Mitsunobu Ichiro SJ
Director of Jesuit Social Center
On November 30, Fr. Patxi Álvarez, Jesuit Secretary of the Social Justice and Ecology Secretariat (Rome Jesuit Headquarters) and Fr. Benny Hari Juliawan, Jesuit social apostolate coordinator for the Asia Pacific Conference, arrived in Japan.
During their 9-day stay in Japan they met with various groups of Jesuits, those living in SJ House at Sophia University and in the Jesuit Scholasticate, and those who gathered for a special meeting at Kibe Hall in Yotsuya organized by the Jesuit Social Center. They also participated as guest speakers and panelists in a special symposium “Laudato Si’ and COP21” held at Sophia University, as well as in the 35th International Symposium “Who controls Food and Agriculture? New Challenges for Social Movement, Democracy and Human Rights in a Global Era,” sponsored by Sophia University’s Institute of Global Concern and International Christian University’s Social Science Research Institute.
After their busy schedule in Tokyo they moved to Nagatsuka in Hiroshima, where Fr. Pedro Arrupe, former Jesuit Superior General, lived as novice master during World War II. In Yamaguchi and Shimonoseki, their last stops in Japan, they met with Jesuits and collaborators working in that region.
At the Jesuit gatherings Fr. Patxi explained the social and ecological involvement of Jesuits in the five continents of the world. In Africa, where armed incidents continue amid religious and tribal differences, their main activities revolve around peace and reconciliation. Refugees and HIV/AIDS patients are also an important target of Jesuit involvement. In Latin American countries, the main common concerns are the human rights of aboriginal people and migrant workers, along with ecological issues concerning natural resources and water in the vast Amazon region. In South Indian regions, Jesuits promote the education and human rights of various races, tribal people, the discriminated, and migrants. They also deal with the labor problems faced by those working in mining.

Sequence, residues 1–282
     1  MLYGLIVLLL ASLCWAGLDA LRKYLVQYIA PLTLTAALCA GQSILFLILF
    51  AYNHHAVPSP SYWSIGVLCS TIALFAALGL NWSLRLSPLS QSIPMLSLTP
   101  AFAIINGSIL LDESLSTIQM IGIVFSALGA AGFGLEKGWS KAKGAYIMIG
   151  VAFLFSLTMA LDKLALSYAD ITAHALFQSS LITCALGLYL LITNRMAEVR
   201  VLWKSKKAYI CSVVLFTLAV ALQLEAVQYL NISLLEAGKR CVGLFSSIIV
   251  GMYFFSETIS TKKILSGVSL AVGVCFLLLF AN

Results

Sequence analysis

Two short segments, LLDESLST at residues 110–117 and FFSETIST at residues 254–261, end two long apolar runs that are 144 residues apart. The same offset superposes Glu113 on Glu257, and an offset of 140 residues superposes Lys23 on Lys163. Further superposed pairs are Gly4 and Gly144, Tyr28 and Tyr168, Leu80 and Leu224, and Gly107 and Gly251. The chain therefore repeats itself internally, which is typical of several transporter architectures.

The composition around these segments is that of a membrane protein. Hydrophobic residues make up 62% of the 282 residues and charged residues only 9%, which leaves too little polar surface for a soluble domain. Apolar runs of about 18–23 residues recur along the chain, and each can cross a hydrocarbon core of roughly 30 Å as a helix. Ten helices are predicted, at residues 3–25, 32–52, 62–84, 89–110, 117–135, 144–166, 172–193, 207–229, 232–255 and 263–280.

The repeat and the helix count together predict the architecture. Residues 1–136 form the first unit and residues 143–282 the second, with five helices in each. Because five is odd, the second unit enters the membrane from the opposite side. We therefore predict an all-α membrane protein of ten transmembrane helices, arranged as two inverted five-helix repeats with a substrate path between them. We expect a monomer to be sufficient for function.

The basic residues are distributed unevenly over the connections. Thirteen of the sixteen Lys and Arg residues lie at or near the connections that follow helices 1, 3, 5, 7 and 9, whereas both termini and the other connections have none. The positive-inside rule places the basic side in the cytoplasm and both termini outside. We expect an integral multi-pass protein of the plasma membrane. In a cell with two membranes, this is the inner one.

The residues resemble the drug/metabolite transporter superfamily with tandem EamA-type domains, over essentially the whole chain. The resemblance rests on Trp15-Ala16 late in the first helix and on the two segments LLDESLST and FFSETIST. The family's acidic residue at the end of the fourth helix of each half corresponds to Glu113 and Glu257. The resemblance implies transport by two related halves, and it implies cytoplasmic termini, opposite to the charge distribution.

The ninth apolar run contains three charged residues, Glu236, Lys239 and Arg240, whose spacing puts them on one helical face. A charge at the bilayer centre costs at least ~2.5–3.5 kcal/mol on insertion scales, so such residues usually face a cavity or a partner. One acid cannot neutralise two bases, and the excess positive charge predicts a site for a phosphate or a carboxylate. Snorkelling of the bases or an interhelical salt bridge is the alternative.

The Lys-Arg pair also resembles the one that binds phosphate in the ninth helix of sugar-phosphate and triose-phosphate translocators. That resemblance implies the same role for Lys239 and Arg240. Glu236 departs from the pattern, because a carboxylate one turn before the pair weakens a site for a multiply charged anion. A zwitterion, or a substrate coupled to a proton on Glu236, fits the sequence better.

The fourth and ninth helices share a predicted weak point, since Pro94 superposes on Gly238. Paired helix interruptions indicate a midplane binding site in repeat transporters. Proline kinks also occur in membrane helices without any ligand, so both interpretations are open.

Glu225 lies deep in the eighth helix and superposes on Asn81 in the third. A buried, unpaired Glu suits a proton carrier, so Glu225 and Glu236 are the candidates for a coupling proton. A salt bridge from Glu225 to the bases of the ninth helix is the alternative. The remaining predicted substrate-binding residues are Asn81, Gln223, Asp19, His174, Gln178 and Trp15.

Fr. Benny spoke about the East Asia and Pacific region with all its issues of multiple languages and cultures. The social apostolate in this region started from private initiatives and then developed locally. It requires special knowledge regarding the various fields. Manpower has become limited and the building of networks continues to be difficult.
A few years ago, this Jesuit region drew up a “mapping” report to focus priority issues for involvement by the social apostolate. As a result, communication inside the region improved. The network for migrants in the region is especially active at present. Additionally, environmental and ecological issues and exchanges among mining workers are developing. Fr. Benny said that cooperation with the Jesuit Refugee Service will be strengthened and he hopes to promote activities for scholastics to gain experience in these social fields.
It was very meaningful to have Jesuits from the Jesuit headquarters in Rome and from the Asia Pacific Conference, both working in such important fields, to participate in the two symposiums at Sophia University, where there are so few Catholics working and teaching. It is also worth mentioning that the booklet published and edited by Fr. Patxi, “The Promotion of Justice in the Universities of the Society” (Promotio Iustitiae, no.116), was translated into Japanese by the Jesuit Social Center and has been distributed in the university. I think it was quite significant to have Fr. Patxi personally explain the directions a Jesuit university is expected to take. Particularly, in our confrontation with society, he stressed the need to make ethical decisions by walking along with “the little ones,” without sitting back. I received the impression that many sympathized with his remarks.